Most the houses on my estate suffer from it , unless you jack the heating up. I think the problem is also increased by high occupancy rates in lower volume homes. Most of the larger houses I work on have considerably less problem, as the occupancy per m3 is considerably less.

    Nick , not really a hinge problem , more getting them to shut/open the door, as they cant reach the handles:smile:
    • CommentAuthorseascape
    • CommentTimeNov 20th 2012
     
    Dishwashers are also culprits. Just musing here, but are microwaves the answer - much less cooking/washing up? I've never had one so don't know their energy consumption - is comparable to an electric hob/oven?
    • CommentAuthorjamesingram
    • CommentTimeNov 20th 2012 edited
     
    Mircowaves still produce water vapour as they heat the item. But i beleive they can be more efficient in their use of energy to cook things. (quicker as you say)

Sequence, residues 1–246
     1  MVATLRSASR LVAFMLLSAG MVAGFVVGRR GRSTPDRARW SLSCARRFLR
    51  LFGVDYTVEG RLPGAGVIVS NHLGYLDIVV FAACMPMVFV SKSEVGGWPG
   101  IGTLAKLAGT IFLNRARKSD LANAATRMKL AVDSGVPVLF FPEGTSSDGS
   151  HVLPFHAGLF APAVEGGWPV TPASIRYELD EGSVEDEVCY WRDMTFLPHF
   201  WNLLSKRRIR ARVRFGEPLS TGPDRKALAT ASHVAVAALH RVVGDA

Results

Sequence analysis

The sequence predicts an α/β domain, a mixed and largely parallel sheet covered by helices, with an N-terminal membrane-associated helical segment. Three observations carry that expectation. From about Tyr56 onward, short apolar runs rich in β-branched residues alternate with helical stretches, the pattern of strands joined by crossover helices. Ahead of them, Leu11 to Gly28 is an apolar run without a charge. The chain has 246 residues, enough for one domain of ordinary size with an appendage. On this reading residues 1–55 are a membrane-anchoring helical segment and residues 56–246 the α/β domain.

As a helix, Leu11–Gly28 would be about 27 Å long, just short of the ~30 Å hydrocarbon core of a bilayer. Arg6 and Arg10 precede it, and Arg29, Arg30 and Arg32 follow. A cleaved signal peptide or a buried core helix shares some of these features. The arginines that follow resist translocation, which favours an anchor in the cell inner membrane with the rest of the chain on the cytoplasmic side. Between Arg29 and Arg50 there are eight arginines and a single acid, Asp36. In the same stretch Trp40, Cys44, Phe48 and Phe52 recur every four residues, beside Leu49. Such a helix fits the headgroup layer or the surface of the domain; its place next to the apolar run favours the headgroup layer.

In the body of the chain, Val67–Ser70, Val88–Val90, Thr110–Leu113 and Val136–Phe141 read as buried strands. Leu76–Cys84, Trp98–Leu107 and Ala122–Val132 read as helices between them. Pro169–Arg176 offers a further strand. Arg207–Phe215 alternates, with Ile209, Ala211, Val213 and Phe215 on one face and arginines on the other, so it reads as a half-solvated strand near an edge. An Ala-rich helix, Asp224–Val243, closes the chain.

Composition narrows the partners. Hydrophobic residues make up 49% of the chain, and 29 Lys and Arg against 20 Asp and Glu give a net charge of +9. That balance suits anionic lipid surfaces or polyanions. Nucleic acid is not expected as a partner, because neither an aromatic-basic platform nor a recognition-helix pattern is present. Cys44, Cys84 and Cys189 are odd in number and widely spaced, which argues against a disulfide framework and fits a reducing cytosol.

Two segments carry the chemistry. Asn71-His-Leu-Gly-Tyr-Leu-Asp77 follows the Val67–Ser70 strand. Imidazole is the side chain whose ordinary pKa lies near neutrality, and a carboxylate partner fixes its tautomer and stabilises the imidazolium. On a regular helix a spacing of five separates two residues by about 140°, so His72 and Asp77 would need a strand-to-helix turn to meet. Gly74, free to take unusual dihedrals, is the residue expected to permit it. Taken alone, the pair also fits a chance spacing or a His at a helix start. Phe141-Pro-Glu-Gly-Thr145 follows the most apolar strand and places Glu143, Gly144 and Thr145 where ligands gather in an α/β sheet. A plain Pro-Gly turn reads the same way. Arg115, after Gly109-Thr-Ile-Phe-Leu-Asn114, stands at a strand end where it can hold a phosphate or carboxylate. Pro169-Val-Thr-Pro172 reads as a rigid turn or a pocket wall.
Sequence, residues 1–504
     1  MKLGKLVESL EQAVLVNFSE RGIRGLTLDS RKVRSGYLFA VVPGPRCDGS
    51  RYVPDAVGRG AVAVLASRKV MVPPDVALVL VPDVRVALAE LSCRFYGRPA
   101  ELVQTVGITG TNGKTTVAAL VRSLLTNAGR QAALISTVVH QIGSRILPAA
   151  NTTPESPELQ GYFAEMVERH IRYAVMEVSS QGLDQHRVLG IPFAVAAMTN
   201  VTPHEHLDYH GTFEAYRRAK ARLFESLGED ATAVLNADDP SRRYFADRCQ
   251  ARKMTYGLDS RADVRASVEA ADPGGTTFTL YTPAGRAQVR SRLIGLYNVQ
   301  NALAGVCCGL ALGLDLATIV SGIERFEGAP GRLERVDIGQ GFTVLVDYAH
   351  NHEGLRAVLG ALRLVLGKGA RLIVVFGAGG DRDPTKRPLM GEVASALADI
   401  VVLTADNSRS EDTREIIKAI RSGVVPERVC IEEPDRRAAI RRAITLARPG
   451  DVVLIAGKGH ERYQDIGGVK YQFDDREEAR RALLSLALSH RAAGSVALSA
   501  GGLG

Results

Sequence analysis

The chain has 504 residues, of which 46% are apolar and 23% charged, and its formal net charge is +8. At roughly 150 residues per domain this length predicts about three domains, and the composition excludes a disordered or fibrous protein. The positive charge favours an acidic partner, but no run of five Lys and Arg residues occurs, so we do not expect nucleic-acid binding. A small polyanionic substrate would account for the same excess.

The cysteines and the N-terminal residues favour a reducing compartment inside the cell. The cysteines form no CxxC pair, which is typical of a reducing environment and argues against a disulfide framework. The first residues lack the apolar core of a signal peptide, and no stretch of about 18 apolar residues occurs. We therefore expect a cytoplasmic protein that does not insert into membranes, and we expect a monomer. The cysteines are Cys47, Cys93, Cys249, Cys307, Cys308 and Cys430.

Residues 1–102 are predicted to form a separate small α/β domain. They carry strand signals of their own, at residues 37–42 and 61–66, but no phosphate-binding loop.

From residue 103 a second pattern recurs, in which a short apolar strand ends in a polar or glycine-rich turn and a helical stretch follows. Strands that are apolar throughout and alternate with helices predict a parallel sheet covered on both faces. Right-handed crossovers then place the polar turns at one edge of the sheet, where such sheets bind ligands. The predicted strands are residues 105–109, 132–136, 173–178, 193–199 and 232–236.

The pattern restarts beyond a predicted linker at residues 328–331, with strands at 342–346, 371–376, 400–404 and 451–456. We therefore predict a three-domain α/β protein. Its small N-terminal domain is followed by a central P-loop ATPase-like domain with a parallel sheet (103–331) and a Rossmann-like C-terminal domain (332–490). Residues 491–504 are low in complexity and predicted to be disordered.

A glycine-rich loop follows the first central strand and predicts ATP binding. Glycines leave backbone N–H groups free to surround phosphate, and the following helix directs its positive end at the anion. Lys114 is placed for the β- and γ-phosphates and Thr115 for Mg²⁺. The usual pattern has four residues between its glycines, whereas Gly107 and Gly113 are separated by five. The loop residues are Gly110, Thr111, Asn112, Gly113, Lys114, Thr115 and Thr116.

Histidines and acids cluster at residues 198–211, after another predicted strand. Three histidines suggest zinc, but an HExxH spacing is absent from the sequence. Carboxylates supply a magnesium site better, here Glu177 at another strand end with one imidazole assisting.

From Mikes link http://www.norwich.gov.uk/Housing/HousingInformationAndAdvice/documents/Condensationanddamp.pdf
    Two people active for one day 3 pints
    Cooking and boiling a kettle 6 pints
    Having a bath or shower 2 pints (surprised this isn't higher)
    Washing clothes 1 pint
    Drying clothes 9 pints
    Using a paraffin or bottled gas heater 3 pints
    Total amount of moisture produced
    in your home in one day 24 pints

    from VH's info
    Average source, break down - (one that makes more sense to me)
    45% from showers, 35% from drying clothes, 13% from cooking, 7% from breathing/sweating
    so different views there.
    • CommentAuthorDarylP
    • CommentTimeNov 20th 2012